We all know fizzy drinks are not great for us. But did you know the extent of the impact that drinking fizzy can have on your gut health?
Containing either sugar or artificial sweeteners, fizzy drinks are guzzled down by their millions. In fact, the UK consumes an average of six billion litres of soft drinks each year – that’s an average of 89 litres per person, per year.
They taste delicious, yes, but they can also be addictive. One study from 2019 found that both the caffeine and sugar contained in fizzy drinks is ‘evidence of addictive properties’. But even the no-sugar varieties can lead to an imbalanced gut.
"There are two main ingredients in fizzy drinks that are considered to be harmful to the gut: sugar in regular drinks, and artificial sweeteners like aspartame and sucralose in low-calorie drinks," gut health expert Caroline Peyton of Peyton Principles, tells Yahoo UK. "So choosing one over the other is not preferable when considering the long term health of the gut."
How sugar affects gut health
A major culprit of the impact of fizzy drinks on gut health is sugar, as Peyton explains this ingredient has been found to affect the gut mucosal barrier, leading to intestinal permeability – also known as leaky gut.
"When the mucosal barrier is weakened, it can contribute to irritable bowel syndrome (IBS) type symptoms like bloating or irregular bowel movements. Or even other systemic health concerns due to the transfer of toxicity across the gut into the bloodstream," she adds.
"Research is still limited but has shown that when fizzy drinks are consumed it can begin to alter the gut microbiota creating dysbiosis, favouring an overgrowth of pathogenic strains at the expense of commensal (friendly) strains."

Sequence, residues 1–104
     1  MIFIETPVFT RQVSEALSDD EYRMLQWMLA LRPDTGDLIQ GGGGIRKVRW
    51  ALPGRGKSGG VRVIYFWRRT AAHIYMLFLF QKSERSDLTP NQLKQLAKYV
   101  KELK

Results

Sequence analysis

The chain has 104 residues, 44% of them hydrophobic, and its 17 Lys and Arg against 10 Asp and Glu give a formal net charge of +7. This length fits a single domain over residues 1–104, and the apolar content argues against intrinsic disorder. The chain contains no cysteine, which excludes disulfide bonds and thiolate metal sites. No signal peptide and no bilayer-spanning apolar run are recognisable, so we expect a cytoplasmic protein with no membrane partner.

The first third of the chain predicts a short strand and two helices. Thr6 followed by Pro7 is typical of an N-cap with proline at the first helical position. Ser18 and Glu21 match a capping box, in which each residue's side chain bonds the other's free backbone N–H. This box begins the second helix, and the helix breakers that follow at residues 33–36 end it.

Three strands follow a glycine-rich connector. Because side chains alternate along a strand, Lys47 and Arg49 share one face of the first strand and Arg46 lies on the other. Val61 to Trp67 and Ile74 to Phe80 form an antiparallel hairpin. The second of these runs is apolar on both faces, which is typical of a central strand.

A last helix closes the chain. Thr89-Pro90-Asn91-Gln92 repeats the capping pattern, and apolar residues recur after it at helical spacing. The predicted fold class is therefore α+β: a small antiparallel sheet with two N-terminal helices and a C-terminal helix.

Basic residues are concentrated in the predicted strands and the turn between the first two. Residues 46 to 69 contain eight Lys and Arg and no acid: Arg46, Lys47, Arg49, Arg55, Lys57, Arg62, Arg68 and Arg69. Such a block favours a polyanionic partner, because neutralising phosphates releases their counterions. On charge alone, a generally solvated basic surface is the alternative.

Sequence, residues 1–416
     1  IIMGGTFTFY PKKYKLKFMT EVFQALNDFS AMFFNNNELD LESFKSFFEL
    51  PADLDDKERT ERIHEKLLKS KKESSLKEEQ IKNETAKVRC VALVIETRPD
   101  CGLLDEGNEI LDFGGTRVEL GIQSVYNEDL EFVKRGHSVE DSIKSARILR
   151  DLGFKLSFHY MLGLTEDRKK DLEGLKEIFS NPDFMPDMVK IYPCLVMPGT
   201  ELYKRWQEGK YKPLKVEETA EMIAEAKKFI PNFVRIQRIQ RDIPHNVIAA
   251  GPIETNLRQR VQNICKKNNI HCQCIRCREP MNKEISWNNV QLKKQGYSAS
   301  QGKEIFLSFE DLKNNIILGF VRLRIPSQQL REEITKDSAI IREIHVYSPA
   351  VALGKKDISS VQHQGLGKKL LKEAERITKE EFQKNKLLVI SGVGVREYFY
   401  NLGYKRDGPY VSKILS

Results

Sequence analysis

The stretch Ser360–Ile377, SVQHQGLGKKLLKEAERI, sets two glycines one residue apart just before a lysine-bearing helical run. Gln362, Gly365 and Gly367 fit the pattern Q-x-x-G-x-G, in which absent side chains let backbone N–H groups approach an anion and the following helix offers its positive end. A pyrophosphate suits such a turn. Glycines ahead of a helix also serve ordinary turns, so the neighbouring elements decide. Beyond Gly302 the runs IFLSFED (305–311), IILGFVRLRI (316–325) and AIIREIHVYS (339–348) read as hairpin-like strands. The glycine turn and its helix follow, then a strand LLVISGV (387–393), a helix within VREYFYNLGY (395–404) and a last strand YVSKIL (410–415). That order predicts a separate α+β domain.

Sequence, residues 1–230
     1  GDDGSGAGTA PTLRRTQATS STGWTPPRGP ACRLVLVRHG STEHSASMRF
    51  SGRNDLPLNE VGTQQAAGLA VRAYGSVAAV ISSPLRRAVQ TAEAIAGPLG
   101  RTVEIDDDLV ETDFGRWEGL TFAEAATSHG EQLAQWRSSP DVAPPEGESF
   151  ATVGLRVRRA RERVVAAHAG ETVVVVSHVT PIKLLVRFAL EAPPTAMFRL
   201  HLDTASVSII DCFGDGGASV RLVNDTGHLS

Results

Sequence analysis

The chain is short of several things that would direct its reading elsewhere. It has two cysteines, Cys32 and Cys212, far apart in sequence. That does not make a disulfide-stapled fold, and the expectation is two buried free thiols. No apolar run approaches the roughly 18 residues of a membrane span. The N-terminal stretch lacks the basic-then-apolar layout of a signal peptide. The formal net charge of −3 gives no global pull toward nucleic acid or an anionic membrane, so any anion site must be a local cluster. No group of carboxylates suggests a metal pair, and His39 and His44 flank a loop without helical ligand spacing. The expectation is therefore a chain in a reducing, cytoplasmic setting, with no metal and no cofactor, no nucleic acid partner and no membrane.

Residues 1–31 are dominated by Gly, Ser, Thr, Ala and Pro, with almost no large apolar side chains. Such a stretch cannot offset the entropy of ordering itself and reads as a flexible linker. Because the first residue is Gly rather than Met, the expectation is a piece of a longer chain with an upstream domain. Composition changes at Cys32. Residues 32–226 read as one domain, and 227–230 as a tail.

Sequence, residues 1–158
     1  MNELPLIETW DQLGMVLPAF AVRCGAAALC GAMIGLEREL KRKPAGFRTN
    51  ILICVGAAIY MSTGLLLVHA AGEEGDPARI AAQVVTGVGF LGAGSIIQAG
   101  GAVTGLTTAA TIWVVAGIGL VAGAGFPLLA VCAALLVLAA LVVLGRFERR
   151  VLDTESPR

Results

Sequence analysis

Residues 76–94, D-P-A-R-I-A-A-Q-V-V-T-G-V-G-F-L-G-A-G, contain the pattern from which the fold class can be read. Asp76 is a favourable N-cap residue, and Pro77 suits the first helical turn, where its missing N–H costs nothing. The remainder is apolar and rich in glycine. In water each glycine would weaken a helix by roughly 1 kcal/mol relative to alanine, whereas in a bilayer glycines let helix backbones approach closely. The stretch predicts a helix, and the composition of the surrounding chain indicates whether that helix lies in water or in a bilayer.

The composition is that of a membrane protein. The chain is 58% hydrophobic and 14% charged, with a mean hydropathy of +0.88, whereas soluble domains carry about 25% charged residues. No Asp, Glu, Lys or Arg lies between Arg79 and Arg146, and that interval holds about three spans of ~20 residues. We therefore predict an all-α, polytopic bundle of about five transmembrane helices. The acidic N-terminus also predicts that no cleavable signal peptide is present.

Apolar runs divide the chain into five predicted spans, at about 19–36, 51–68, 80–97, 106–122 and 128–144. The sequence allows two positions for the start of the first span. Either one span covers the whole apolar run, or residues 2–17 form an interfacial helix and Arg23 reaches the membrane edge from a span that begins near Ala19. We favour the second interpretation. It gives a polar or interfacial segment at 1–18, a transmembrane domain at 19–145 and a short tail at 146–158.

Drinking just one fizzy drink can impact gut health
Peyton says it's important to consider the totality of sugars or artificial sweeteners you’re consuming each day across all food and drink, as this can have a big impact on gut health.
"One can of fizzy drink contains half the daily quota of sugars as set by the government – 15g out of a total of 30g. And even then, the average sugar consumption is now over 100g per day," she explains. "Taking out fizzy drinks can make a huge difference to sugar consumption and in turn help protect the beneficial bacteria and avoid a dysbiotic picture developing."
She adds that it’s often not possible to understand the amount of artificial sweeteners like aspartame you are consuming in a day as they are found in foods such as ice cream, chewing gum, low-fat yoghurts, puddings, low-sugar sauces, jams, sugar-free desserts, sugar-free jams, and various other low-sugar or sugar-free packaged foods.
"One of the problems with both sugar and sweeteners is that they are found in so many foods and it’s not always easy to know exactly how much is being consumed," she says.
Peyton also clarifies that choosing a no sugar fizzy drink is not better than one containing sugar as both ingredients can impact gut health.
Best drinks for gut health
Instead of fizzy drinks, Peyton suggests drinking non-stimulating, non-caffeinated drinks such as water or herbal teas.
"Ginger, fennel, peppermint and chamomile teas can calm the gut," she adds. "Green tea has some research to show it may drive down harmful bacteria, but it does contain caffeine so only drink a little. Plain water is great as it also helps to keep stools soft and easier to pass. Constipation creates an unfavourable environment and may promote dysbiosis."